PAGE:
Last Updated on August 4, 2020
A standard metal hammer isn’t suitable for all tasks. It can deface the head of a nail or other metal fastening and doesn’t offer the same precision striking as other forms of hammers.
The wooden mallet is a simple design, typically consisting of a handle and a mallet head fixed together. It is commonly used in woodworking projects, to hammer blocks or pieces of wood, and to elicit greater control when hitting a chisel. They range in value from $10 to $50 or more, and the keen DIYer will likely have the wood and tools available to make their own.
Crafting a wooden mallet is a simple project, but it does require a keen eye for detail and precise measurements. While a woodworker will normally craft a wooden mallet from beechwood, any medium-density wood can be used, as long as it won’t damage wooden workpieces.
Below, we have found plans to make your own wooden mallet. Some suggest beechwood, while others offer alternative materials. Some suggest gluing the handle to the head, while others rely on a tapered design where the handle wedges firmly into place in the head. Depending on the tools you have available, the project can be completed in a couple of hours, but it might take longer if you are using manual tools.
The Crafstmanspace’s wooden mallet plan gives detailed instructions on how to build a medium mallet. Like any good mallet design, the head of this piece is tapered toward the worker to ensure that you can get a square strike with every swing. The eye of the mallet head is also tapered. This enables the head to wedge onto the handle.
Rather than there being a danger of the head coming off during use, every swing and strike of the mallet will wedge the head tighter, so it always remains secure. The plans also point out that the tapered eye is difficult to create in a single piece of wood, so they recommend using two or three pieces of wood glued together. This makes it easier to get in and create the eye.
The Woodworkers Guild of America suggests something similar with the head of the mallet in their plans. They use four pieces of wood glued together, which naturally leaves an eye in the center. This avoids the use of a chisel to have to taper the eye out of the center of a block of wood.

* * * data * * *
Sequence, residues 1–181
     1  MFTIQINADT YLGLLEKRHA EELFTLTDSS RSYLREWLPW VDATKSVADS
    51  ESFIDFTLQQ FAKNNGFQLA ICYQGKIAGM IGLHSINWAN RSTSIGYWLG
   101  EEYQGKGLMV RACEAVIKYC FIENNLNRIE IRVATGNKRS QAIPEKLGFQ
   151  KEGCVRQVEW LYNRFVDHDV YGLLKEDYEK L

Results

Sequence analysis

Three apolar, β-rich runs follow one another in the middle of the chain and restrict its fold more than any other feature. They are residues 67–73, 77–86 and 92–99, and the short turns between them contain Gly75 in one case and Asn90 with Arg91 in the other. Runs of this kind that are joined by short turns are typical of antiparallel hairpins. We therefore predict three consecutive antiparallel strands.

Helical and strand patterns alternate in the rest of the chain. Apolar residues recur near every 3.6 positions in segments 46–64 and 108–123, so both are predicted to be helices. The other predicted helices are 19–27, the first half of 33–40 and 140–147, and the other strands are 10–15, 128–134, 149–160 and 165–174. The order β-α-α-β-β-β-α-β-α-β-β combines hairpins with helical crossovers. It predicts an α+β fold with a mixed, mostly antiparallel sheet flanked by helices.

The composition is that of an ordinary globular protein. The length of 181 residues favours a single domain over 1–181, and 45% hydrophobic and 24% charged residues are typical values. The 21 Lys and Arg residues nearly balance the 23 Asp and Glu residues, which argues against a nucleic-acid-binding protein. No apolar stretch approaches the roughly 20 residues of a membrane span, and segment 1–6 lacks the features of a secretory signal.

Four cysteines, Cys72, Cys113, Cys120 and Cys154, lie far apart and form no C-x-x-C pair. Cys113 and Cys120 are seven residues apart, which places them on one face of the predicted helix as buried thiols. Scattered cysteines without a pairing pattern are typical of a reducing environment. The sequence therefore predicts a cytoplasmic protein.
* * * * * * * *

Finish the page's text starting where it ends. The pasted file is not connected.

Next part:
This mallet has a domed head, which allows for precision striking and no overlap when you strike the desired surface. Finally, the guide recommends finishing the mallet with linseed or another oil to protect the wood without the danger of scratching.
The joiner’s mallet design from Popular Woodworking uses ash for the head of the mallet. Ash is a hardwood, and because it has a degree of movement and flex, it absorbs the shock that comes when striking. The tapered handle fits through the eye of the mallet head and ensures that the mallet is connected without the use of glue. The head is also tapered, which will help you strike true with every swing.
Jay’s Custom Creations extols the benefits of a handle tapered top to bottom. Once this is inserted through the eye, it is fully secured without the need to use any glue. Jay also points out that if the mallet head ever breaks, you will only need to fashion a replacement head because you can reuse the existing handle. This guide gives readers two methods of producing basically the same mallet, which means that you can choose the technique that you’re most comfortable with. The guide also includes a video so you can work along at the same pace.
The easy wooden mallet plans on Instructables point out that hardwood is only necessary for those who regularly use a mallet. Softwood is used because the creator is only a “weekend woodworker.” These instructions use a miter saw, table saw, and router, but you can enjoy the same results using a handsaw and a ton of sandpaper. You can also glue the handle in place, but the author suggests that this isn’t necessary.
The iBuildIt wooden mallet plans can be used to create a mallet that is similar in design and shape to the others on this list, albeit with one difference. The handle of this mallet is finished with a twine handle. This offers improved grip and is easier on the hands, especially if you are a regular mallet user. This mallet uses a wedge design to keep the handle in place.
Wooden mallets are better than metal hammers when you want to retain the shape and quality of fastenings or wood pieces. A woodworker will usually have a favorite mallet, typically because of the shape or taper of the handle or just how the mallet feels in their hand. Use the plans above, modify them to meet your required measurements, and create your next favorite wooden mallet.
Featured Image Credit: Smabs Sputzer (1956-2017), Flickr
Hi there! My name is Adam and I write for HealthyHandyman. I have a great passion for writing about everything related to tools, home improvement, and DIY. In my spare time, I'm either fishing, playing the guitar, or spending quality time with my beloved wife. You'll also often find me in my workshop working on some new project!